Teeth with alveolodental ankylosis naturally evolve to replacement resorption. Provided that they remain free of microbial contamination, these teeth should be considered in the bone context as one more structure that should undergo continuous remodeling. Continuous remodeling is one of the most remarkable characteristics of bone biology, given that it is responsible for keeping blood calcium, as well as other minerals essential to life, levels stable. Another consequence of alveolodental ankylosis is the gradual infraocclusion of the affected tooth. Provided that free of microbial contamination, the areas of bone with root or root fragments undergoing replacement resorption can remain in the sites where surgical sockets are prepared to receive osseointegrated implants which shall not hinder the process of peri-implant bone repair also known as osseointegration. In the event of being contaminated by bacteria and their byproducts, the root structure should be eliminated. The remaining site should be further assessed to indicate potential corrections of volume and shape.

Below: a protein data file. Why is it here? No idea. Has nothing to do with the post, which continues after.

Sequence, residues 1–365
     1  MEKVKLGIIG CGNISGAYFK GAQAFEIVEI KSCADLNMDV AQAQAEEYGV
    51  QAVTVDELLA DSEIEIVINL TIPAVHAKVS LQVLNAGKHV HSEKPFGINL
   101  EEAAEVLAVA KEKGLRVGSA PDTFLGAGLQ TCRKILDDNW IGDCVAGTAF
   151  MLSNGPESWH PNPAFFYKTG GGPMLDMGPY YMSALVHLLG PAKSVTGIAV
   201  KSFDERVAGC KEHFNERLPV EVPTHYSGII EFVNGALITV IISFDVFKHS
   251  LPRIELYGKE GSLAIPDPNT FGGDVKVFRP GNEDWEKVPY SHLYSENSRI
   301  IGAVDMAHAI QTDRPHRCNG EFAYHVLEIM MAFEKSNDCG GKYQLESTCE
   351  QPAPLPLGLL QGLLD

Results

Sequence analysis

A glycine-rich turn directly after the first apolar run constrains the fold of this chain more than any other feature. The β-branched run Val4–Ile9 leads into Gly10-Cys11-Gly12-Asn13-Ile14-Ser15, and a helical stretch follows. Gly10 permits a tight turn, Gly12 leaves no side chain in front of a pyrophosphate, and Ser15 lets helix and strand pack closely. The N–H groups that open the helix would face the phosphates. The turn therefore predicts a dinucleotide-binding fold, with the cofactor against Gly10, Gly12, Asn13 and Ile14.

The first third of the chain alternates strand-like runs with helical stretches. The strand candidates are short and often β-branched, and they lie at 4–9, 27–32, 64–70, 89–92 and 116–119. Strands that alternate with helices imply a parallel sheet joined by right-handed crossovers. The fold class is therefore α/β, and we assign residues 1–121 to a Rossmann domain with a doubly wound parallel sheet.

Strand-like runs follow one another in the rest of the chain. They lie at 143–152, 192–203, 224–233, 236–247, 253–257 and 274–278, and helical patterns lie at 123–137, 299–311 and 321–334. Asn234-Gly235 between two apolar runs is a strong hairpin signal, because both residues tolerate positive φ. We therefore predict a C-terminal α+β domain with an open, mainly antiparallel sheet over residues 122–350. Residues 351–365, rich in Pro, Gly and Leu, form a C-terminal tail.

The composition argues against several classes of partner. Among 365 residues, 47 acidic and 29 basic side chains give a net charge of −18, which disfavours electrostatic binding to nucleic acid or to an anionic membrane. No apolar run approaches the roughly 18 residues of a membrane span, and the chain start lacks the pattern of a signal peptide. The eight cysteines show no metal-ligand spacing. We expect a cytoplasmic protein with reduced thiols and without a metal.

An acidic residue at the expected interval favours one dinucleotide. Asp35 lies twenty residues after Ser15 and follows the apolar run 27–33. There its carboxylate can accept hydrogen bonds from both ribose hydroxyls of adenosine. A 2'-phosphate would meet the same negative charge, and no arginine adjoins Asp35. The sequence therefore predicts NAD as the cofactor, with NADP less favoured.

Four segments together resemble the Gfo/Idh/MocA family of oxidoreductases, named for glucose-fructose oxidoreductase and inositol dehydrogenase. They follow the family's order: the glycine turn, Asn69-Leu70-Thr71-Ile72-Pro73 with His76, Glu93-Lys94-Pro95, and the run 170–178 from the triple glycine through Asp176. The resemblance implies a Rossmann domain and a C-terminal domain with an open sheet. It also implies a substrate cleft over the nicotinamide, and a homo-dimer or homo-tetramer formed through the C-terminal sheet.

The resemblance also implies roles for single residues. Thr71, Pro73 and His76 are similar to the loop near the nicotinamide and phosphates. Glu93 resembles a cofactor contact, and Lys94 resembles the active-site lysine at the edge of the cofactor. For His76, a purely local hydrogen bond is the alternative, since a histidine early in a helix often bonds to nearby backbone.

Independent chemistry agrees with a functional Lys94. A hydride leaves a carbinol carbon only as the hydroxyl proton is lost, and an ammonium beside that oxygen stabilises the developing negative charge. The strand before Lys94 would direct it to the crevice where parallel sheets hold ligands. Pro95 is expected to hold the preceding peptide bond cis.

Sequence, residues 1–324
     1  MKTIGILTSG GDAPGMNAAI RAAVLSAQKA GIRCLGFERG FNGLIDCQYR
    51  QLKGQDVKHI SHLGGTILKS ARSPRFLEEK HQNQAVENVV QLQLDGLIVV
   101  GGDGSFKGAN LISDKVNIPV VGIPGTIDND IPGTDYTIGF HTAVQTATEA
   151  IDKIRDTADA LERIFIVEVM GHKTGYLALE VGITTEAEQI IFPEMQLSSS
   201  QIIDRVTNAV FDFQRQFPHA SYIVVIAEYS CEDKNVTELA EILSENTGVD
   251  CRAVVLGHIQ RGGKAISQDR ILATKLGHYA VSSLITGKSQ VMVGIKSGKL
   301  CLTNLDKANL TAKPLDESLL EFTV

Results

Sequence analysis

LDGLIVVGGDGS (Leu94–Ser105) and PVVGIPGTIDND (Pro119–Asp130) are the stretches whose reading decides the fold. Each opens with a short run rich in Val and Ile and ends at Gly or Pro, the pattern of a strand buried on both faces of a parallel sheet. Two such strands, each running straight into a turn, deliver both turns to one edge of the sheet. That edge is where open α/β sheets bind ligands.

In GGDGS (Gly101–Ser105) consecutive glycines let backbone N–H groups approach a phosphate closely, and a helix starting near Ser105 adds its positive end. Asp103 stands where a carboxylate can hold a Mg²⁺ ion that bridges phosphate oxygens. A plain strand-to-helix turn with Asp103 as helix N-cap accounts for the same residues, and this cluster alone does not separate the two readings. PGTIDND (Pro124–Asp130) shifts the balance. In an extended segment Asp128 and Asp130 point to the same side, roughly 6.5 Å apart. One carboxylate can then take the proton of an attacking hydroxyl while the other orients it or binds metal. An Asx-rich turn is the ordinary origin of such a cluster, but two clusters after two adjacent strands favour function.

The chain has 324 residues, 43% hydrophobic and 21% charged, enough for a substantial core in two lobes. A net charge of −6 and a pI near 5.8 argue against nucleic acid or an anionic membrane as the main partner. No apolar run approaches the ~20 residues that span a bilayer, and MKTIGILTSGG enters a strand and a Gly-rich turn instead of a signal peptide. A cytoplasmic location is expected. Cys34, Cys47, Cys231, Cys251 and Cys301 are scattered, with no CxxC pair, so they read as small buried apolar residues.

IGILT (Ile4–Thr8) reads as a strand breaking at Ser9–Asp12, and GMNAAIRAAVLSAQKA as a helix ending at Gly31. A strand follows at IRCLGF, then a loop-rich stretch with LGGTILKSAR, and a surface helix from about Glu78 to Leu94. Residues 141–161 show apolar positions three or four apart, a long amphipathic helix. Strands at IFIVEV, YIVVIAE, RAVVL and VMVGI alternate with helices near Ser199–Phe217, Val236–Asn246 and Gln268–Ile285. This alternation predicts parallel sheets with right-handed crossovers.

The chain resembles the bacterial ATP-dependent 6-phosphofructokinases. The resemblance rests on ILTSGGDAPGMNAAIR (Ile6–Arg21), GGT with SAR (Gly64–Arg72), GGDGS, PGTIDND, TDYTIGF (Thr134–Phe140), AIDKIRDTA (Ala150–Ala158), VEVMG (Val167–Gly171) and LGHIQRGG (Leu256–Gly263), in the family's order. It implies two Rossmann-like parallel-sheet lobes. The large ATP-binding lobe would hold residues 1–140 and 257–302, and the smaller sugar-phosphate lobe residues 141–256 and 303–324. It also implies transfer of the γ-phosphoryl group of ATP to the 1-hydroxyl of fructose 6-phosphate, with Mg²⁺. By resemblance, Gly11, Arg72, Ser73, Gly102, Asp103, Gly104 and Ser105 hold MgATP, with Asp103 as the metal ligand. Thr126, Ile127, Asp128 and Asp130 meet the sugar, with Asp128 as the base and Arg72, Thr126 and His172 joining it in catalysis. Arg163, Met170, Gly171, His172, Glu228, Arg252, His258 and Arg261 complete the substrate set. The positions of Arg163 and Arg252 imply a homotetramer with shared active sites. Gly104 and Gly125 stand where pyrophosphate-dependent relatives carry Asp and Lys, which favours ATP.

Keywords: Replacement resorption. Alveolodental ankylosis. Osseointegrated implants. Tooth resorption.
How to cite: Consolaro A. Alveolodental ankylosis and subsequent replacement resorption: Can osseointegrated implants be placed in the same location? Dental Press Implantol. 2014 JulySept;8(3):10-4. doi: http://dx.doi.org/10.14436/2237-650X.8.3.010-014.exp
Sunday, February 25, 2018 18:43